This year is the perfect time to educate ourselves, and our children, in the meaning of Juneteenth. Juneteenth, celebrated on June 19, is also called Freedom Day, Jubilee Day, Liberation Day, Black Independence Day, and Emancipation Day. Although there is a push to make Juneteenth a national holiday, it has yet to receive that designation. Forty-seven states and the District of Columbia recognize Juneteenth as a special day of observance, however. (North Dakota, South Dakota, and Hawaii do not recognize Juneteenth.) Nike, Target, and JC Penney are among the businesses that recognize the holiday with paid time off, or time-and- a-half for those choosing to work.
June 19, 1865, is the day that Major General Gordon Granger rode into Galveston, Texas, to announce the Civil War had ended and slaves had been freed. This announcement was made 2-1/2 years after Lincoln’s Emancipation Proclamation. From that point forward, Juneteenth was celebrated only occasionally until the Civil Rights movement in the 1950’s & 1960’s, when the celebration was revived.
Juneteenth is usually celebrated with family reunions and social events where strawberry soda and strawberry pie are served. Other foods often associated with Juneteenth are red rice (rice with tomatoes), watermelon, and red velvet cake. These red foods commemorate the blood spilled during the days of slavery. Churches often observe Juneteenth with special services featuring traditional African American music and hymns.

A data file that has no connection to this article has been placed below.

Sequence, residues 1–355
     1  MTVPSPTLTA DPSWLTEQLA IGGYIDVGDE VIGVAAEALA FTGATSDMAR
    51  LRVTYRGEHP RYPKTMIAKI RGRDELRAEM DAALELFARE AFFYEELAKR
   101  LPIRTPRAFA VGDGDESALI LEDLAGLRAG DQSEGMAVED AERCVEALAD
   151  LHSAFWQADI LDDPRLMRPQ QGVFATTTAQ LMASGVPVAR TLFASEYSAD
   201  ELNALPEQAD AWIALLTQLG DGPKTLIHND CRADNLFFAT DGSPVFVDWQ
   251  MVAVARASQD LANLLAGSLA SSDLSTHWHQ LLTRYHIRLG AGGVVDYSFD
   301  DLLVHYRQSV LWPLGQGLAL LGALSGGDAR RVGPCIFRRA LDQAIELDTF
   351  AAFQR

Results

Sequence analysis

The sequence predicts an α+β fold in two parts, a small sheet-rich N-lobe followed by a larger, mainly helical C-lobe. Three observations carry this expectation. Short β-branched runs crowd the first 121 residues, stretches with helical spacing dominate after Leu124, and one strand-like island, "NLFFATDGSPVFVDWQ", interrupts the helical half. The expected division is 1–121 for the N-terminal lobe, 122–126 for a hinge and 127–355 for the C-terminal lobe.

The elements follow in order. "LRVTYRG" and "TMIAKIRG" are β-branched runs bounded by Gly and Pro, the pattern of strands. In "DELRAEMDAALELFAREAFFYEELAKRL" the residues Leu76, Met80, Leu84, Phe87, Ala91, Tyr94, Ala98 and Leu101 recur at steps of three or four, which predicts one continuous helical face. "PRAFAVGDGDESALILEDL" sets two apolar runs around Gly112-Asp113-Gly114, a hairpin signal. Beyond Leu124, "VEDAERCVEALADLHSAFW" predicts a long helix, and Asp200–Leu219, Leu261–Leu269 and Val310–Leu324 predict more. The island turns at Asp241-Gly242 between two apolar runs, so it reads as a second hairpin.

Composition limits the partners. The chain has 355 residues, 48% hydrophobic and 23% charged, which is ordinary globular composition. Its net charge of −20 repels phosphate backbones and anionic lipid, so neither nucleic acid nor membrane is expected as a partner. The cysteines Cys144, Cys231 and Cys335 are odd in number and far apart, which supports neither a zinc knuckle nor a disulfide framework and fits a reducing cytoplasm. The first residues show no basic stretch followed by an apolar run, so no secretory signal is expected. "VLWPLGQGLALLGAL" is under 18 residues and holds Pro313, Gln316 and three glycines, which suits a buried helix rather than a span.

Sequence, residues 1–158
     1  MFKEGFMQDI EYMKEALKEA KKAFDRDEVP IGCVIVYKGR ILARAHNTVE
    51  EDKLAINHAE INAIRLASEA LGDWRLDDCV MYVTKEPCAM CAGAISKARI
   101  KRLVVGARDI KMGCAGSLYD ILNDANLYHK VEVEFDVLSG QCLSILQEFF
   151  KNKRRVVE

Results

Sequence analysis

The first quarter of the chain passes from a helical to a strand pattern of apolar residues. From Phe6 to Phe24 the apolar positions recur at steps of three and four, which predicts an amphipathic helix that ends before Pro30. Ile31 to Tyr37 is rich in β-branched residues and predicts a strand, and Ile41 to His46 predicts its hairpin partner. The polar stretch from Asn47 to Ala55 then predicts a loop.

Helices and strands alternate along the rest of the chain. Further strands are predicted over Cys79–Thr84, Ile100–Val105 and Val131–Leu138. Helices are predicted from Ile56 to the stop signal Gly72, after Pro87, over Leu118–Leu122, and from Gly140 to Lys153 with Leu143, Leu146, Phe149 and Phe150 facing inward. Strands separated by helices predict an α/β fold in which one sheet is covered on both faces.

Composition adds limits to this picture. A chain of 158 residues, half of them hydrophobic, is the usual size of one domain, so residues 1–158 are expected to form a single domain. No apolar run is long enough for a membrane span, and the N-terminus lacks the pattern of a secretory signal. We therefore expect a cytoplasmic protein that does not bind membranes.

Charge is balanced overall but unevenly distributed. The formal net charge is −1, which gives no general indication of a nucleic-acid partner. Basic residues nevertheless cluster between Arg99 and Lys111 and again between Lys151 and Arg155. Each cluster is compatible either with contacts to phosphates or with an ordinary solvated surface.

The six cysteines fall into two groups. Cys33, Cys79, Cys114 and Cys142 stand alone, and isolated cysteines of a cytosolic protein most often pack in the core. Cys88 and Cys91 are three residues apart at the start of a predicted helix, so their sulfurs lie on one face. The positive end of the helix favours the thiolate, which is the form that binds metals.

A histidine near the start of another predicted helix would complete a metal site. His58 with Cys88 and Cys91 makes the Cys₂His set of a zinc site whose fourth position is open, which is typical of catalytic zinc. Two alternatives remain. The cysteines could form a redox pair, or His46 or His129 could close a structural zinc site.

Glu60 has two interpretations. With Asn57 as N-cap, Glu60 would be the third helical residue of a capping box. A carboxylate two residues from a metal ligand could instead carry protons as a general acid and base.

There are many good books about Juneteenth. The following books are recommended by coloursofus.com. They include:
All Different Now: Juneteenth, the First Day of Freedom by Angela Johnson, appropriate for ages 5 – 8. (Reviewed as “most beautiful Juneteenth book we have ever seen.”)
Freedom’s Gifts: A Juneteenth Story by Valerie Wesley, appropriate for elementary students. Good introduction to the subjects of slavery, Juneteenth, and segregation.
Juneteenth: A Celebration of Freedom by Charles Taylor, appropriate for ages 10 & up. Contains archival photos and historical context and documents.
Come Juneteenth by Ann Rinaldi, YA historical novel. Born a slave, Sis Goose was “adopted” into the slave owner’s family after her own mother died. After learning freedom had been declared 2 years before her family bothered to tell her, she ran away. The book movingly tells the story of family, freedom, and the historical events leading to Juneteenth.
by Jean Swenson
Faithful Voices for Racial Justice
A project of Interfaith Alliance of Iowa